Date of Conferral
James M. Brown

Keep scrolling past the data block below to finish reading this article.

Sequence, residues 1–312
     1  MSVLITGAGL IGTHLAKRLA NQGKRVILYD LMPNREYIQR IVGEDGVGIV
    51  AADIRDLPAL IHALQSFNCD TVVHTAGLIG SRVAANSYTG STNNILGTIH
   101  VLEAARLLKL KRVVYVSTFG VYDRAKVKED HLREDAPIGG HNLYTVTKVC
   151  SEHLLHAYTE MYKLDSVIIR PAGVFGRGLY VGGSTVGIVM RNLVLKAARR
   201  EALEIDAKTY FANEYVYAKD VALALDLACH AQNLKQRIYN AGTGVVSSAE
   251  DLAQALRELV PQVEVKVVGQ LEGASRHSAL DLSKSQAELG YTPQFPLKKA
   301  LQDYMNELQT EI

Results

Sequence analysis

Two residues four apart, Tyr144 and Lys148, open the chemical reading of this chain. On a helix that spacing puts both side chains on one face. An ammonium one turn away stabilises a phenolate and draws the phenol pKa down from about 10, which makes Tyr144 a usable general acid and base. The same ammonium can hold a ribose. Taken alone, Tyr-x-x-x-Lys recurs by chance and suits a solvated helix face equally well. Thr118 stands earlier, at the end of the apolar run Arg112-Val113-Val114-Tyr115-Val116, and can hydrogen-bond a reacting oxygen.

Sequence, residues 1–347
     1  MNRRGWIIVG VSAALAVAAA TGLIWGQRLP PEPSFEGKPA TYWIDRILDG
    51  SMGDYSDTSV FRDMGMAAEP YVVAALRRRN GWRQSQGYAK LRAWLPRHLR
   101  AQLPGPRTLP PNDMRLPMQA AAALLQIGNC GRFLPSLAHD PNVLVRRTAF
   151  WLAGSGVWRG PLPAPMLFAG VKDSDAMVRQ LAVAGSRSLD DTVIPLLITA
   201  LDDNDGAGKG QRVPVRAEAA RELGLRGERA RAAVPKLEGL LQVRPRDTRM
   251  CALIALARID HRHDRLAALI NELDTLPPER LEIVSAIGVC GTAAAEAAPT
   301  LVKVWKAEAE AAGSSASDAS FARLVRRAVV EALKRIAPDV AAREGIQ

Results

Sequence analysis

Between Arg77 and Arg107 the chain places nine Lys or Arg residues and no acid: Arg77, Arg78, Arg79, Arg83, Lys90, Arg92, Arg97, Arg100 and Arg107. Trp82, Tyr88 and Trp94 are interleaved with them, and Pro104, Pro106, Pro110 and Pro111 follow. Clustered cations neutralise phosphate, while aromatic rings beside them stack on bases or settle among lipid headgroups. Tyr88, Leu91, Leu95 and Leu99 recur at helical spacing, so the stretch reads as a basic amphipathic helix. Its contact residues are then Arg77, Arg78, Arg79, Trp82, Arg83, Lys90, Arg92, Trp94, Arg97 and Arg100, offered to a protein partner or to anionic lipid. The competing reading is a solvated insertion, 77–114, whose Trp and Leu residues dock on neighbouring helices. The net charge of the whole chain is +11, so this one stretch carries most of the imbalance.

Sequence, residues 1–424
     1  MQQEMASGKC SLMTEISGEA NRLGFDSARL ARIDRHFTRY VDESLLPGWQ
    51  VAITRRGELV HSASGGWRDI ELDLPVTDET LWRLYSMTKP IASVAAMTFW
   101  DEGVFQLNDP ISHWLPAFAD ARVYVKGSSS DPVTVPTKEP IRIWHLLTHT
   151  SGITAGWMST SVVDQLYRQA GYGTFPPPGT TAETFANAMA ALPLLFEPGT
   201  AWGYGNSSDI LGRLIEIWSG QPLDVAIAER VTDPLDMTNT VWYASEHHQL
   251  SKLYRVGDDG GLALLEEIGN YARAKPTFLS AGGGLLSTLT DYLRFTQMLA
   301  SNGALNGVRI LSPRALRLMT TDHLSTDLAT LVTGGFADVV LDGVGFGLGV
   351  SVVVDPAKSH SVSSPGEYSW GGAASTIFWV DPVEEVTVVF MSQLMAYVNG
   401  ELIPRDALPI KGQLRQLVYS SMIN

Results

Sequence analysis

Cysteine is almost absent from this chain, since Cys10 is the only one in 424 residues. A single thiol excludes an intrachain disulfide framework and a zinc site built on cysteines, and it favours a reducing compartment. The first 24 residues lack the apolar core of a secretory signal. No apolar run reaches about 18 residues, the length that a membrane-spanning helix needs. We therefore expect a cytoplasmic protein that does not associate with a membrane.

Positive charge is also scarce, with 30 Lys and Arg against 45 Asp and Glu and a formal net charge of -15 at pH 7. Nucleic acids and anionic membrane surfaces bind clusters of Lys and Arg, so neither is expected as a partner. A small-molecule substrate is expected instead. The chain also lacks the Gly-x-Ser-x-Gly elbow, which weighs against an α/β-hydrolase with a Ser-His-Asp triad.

This study investigated whether the percentage of time that weekly employees spend in virtual workspaces is related to job satisfaction (JS), organizational commitment (OC), perceived supervisor support (PSS) and perceived coworker support (PCS). One hundred thirty-five virtual workers employed by 1 of 5 large, privately owned companies reported the percentage of their work time spent performing virtual work and completed 4 instruments to measure JS, OC, PSS, and PCS. Data were analyzed using multivariate linear regression, multivariate multiple regression, and multivariate analysis of variance. Results showed that virtual workers who spent 75% or more of their time engaged in virtual work had higher JS, OC, and PSS than virtual workers who spent 25% or less of their work time working virtually. No relationship was found between the percentage of time spent working virtually and PCS. Results were also examined to determine whether gender or age moderated any of the relationships found between the percentage of time working virtually and organizational outcomes. Neither gender nor age moderated the relationships observed. The study results showed that as employee time performing virtual work increases, employee and corporate benefits also increase in large, privately owned companies. The results of the study have several potential implications for positive social change for organizations, employees, and society as a whole by providing information to organizations considering increasing the percentage of time employees spend engaging in virtual work, helping society determine how performing virtual work affects an employee's well-being, potentially providing insight to employees regarding the pros and cons of virtual work.